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And THIS Is Why I Love Reality TV: Super Sweet Party Party



Reality shows constantly show how the other half lives. The Amish. Druglords and prostitutes. Celebrities. Families of 15 kids or more. So why not show how the other half parties? One show is not enough to showcase the gross misappropriation of funds that the rich use to party. And so we have My Super Sweet 16 on MTV and Party Party on Bravo. Pull up a bucket; this one’s a doozy.

My grandma’s Sweet 16 party consisted of four people, including herself. One of her friends was named Pipinell (which is somehow a nickname for Josephine—what can I say? Italians are crazy). She can’t remember the names of the other two. But she can remember that they danced in her parlor and her mom (my great-grandma) baked for them.

If this were the plan for any of the 15 year olds on My Super Sweet 16, they would not only have a tantrum, they would probably go to jail for maiming their parents. Because these 15 year olds are not shy about having their feelings heard. Usually, they express themselves in the not-so-quiet way of screeching, crying, and then cursing. They mostly define “spoiled rich kid.” They use the word “daddy” a lot.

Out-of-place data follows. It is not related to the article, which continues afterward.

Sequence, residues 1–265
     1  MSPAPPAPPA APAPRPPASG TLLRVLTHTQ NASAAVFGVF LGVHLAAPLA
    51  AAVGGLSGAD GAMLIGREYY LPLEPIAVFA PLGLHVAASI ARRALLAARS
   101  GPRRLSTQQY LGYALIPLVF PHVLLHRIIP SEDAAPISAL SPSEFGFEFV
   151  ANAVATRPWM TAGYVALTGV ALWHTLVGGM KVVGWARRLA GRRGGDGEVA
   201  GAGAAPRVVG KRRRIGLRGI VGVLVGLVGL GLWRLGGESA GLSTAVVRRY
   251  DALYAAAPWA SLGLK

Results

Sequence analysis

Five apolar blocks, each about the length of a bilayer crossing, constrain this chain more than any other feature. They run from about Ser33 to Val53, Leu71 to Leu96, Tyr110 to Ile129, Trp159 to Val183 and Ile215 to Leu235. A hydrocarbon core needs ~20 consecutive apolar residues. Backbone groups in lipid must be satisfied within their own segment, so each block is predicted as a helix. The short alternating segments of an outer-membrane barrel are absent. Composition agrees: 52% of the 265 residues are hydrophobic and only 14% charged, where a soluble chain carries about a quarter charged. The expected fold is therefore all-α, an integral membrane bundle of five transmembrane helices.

High school kids are not usually as cruel as movies make them out to be, but shows like My Super Sweet 16 urge the creation of cruel. So now if teens have a Super Sweet 16, they are the cruelest. They use party invitations as social status. They are manipulative and swing their party power to knock down all those they claim are not worthy to be spit on. Then they treat their parents in the same way. And for the most part, the parents allow their children to scream and curse at them. Because kids are supposed to be in charge.

Why do they need to wear three dresses? Why do they need celebrities? How can their parents afford the party and the cars as birthday presents? If I got a party like that, that would be it. I wouldn’t get a car too. I would never get any presents again for holidays or birthdays for the rest of my life. It would be either have a Super Sweet 16 once or get a few presents each for the rest of your birthdays in your lifetime. And I would have to buy everyone in my family a car.